It’s interesting that the mayoral challengers have chosen to make this election about jobs, probably the one issue that the mayor has the least ability to influence. We are part of a regional economy that is well above the national average in unemployment, largely because of the bubble bursting in California’s overinflated housing market. This was not a city-driven phenomenon, nor will there be a city-driven solution.
Bates and Ziesenhenne couldn’t go with crime because crime overall has continued to drop at about 10% a year, and homicides are less than half of last year. You don’t want to criticize a positive trend.
They couldn’t attack fiscal mismanagement with a balanced budget, no layoffs and Richmond hiring cops while other cities are laying them off. The mayor supported a $114 million settlement with Chevron that took the edge off a significant drop in real property and sales taxes that hit other cities hard. With Richmond arguably the most complex and challenging city of its size in the Bay Area, Richmond’s city manager’s compensation is below that of smaller cities such as San Ramon and less complex cities such as Vallejo, Berkeley, Santa Clara and Sunnyvale.
Even infrastruture is looking pretty good. Capital projects completed during Mayor McLaughlin’s term include the Honda Port of Entry, the award-winning Civic Center rehabilitation, Nevin Park rehabilitation and the Richmond Plunge rehabilitation. Add in the Ford Assembly Building as a unique public-private partnership. Street paving projects are going on all over town, and Richmond leads all other cities in Bay Trail construction. Planning for the Marina Bay railroad underpass is well underway, and have you noticed the landscaping on the Richmond Parkway?
Recent polls show that 60% of Richmond voters are pleased at the direction Richmond is going.
Accusations that the mayor doesn’t support jobs and economic development is a red herring that doesn’t stand up to scrutiny. No mayor can single-handedly bring jobs to Richmond, but a mayor does have the ability to affect perceptions. It’s no secret that the biggest job growth is in small businesses and the green economy. Like Willie Sutton who answered that he robbed banks “because that’s where the money is,” the mayor is looking at the ecomomy sectors where the jobs are.
Big businesses, like Chevron, can take care of themselves – they don’t need a mayor to hold their hand. And they are not hiring, they are laying people off. Since McLaughlin took office, over 700 businessses have started in or come to Richmond, employing over 1,000 people.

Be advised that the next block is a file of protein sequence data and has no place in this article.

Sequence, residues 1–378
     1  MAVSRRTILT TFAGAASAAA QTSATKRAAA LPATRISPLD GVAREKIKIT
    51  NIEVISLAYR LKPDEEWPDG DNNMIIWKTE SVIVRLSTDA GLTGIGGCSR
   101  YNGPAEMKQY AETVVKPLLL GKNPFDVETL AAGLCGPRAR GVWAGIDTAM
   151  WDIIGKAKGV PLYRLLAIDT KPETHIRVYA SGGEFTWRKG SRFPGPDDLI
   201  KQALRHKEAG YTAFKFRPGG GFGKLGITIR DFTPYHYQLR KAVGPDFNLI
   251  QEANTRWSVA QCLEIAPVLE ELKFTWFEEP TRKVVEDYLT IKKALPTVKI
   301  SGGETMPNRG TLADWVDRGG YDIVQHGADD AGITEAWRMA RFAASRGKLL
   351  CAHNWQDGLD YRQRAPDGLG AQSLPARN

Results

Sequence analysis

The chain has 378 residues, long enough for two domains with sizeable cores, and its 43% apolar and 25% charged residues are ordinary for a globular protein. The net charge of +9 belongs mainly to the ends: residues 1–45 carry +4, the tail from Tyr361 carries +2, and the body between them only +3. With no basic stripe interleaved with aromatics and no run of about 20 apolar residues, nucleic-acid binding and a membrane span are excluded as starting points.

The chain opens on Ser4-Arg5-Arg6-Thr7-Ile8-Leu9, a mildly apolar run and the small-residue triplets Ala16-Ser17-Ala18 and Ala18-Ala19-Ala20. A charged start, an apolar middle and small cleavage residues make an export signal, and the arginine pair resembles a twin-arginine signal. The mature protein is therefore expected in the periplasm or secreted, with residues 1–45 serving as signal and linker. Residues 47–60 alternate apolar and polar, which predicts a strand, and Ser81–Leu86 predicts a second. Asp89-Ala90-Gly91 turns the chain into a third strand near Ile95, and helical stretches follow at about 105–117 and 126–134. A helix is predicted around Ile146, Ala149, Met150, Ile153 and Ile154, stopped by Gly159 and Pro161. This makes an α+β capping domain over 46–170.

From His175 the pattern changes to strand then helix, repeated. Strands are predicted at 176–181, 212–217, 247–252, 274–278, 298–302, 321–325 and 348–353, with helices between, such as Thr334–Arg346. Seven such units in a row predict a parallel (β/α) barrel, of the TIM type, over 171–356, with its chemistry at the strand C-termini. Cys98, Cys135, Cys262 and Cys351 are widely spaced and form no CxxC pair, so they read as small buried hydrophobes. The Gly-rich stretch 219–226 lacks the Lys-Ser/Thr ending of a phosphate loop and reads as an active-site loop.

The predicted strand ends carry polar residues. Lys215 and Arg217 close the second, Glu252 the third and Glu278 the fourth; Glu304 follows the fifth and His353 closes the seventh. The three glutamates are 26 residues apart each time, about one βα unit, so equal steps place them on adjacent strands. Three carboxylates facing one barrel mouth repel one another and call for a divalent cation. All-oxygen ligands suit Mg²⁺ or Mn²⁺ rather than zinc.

Bates and Ziesenhenne have both maintained that McLaughlin will not meet with Chevron, like that’s some kind of litmus test for being pro jobs and “respecting” business. That’s patently false. I participated in at least one extensive meeting with the mayor and Refinery Manager Mike Coyle where a wide range of issues involving the City of Richmond and Chevron were discussed.
The mayor is also concentrating on those quality of life isssues that make Richmond attractive for businesses and their employees, like public safety, neighborhood schools, parks and recreation opportunities. It’s worth noting that Bates opposed the City using some of the Chevron settlement money to stave off closing of Richmond schools, including Kennedy High School.
As far as the Point Molate casino being Richmond’s golden goose, we have been pursuing this dream for over six years, and it is no closer than it was in 2004. Even if by some miracle, it were to happen, any related jobs would be years – maybe a decade – away. And even so, there is no guaranteee that those jobs would go to Richmond residents.
So, c’mon voters, don’t fall for that phony Bates and Ziesenhenne jobs line. They have no silver bullet that can dramatically bring jobs to Richmond residents. Richmond is doing well, and our unemployment rate, which has always tracked state and natioonal trends, will go down when everyone else’s does. Meanwhile, we can make Richmond the best possible place to live, work and attract business, and that means keeping a successful and popular mayor.